Contrarily, science, which defeats the theory of evolution, is constantly providing evidence to the idea of creationism. But evolutionists, not willing to see these bare facts, still hold on to the outdated views of Charles Darwin.

The reason why this issue is so important is the current state of the world. Today, as you are well aware, the world is in urgent need of peace and security. The artificially polarized camps in the world of the 20th century divided the people of even the same nation into identities such as fascist and communist, and a system which made people kill each other was implanted all over the world. And this system is unlikely to end unless permanent and definite measures are taken.

To this end, Darwinist philosophy’s ending is the key point. This is because Darwinism constitutes the sole basis for the materialist philosophy which denies God’s existence, creation and spiritual values, and pays attention only to material account of things. Darwinism denies that man is a soul-bearing being created by God, but holds that man is just an advanced animal species. However, animals are beings lacking wisdom and responsibility. Darwinist-materialist education generates masses, like animals, who assume that they will not be held responsible for what they do, think that they can be strong only by oppressing others, and who do not have notions such as love, compassion or respect. Briefly, Darwinism is a belief which misguides mankind to the direct opposite of the path that divine religions lead, and degenerating the humanity, leads mankind into darkness, quarrel and war.

At this point, conscientious individuals who are aware of the menace of Darwinism and are determined to eliminate this hazard are in a position to shoulder a big responsibility. This is because, by removing the Darwinist-materialist education from the educational institutions, and by explaining the nullity and menace of these ideologies with scientific and reasonable evidence, young people will be prevented from falling into the traps of these ideologies and from growing into humanity enemies. In order to attain this goal, it is of great importance that a multifaceted work should be taken on, individuals and organizations all around the world should act together and benefit from each other’s experiences and knowledge.

The reason why we are writing this letter is to co-operate with you - and with your organization - in our intellectual and scientific struggle against Darwinism, to consult with you about the activities that can be carried out, and to invite you to take your part in the “cooperative efforts for this common purpose”.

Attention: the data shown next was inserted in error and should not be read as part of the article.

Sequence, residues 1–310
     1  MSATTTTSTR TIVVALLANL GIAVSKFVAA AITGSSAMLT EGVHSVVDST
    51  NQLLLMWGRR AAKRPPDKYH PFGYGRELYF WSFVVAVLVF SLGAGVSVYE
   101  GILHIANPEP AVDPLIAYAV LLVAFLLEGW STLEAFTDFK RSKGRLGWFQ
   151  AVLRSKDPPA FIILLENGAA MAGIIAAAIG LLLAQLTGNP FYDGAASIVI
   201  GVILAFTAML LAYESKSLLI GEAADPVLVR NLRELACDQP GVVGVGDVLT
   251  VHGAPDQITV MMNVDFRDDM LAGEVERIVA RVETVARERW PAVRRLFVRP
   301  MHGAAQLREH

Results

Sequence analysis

The alliance of sincere and faithful people who desire the good for the humanity at such a time is of great importance. Any idea, comment or view in this regard will surely contribute to the intellectual struggle we have waged.

Looking forward to hearing from you soon.

Best Regards,
Dr.Nail BAYRAKTAR
www.srf-tr.org

Thank you for writing. I regret to say that your document, while interesting and enlightening, is in error in almost every particular. The thus modern scientific knowledge has been overwhelmingly confirmed the theory of evolution rather than having defeated it. The thesis that Darwinism is the sole bulwark of materialism is, I fear, ignorant misrepresentation. The notion that world peace can be brought about by defeating Darwinism is bad sociology, bad history, and bad theology. You cannot build a Church upon a foundation of lies.
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From: "Marion Navarette" (mnavarette@hot.rr.com)
Date: 4/28/2001
Subj: Mutants

Senator Kelly I have seen your so called helpful commercial, but what I have been meaning to ask you is...are you for or against the Emancipation Proclamation? If you are for it than you are supporting almost the same exact thing you are against. Exploytating young already scared and confused mutants to the harsh grips of the government is wrong and unfair to any living being. Now if you are against the Emancipation Proclamation than...may God have mercy on your pathetic, lowlife, soul.

Rogue Caesolind, a young reviled mutant.

I have good news for you; you aren't reviled because you are young or because you are a mutant.

The bad news is that the X-men movie has come and gone; the Senator Kelly mutantwatch website is a promo for the movie, a promo that is still hanging around. The other bad news is that you didn't pay any attention to the links you were following and reached a web site where indignant letters to Senator Kelly is a considerable source of amusement.

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From: "Adrian Hills" (Arhills@btinternet.com)
Date: 4/22/2001
Subj: Piltdown Man

Thank you very much for your efforts in writing the Piltdown Man website.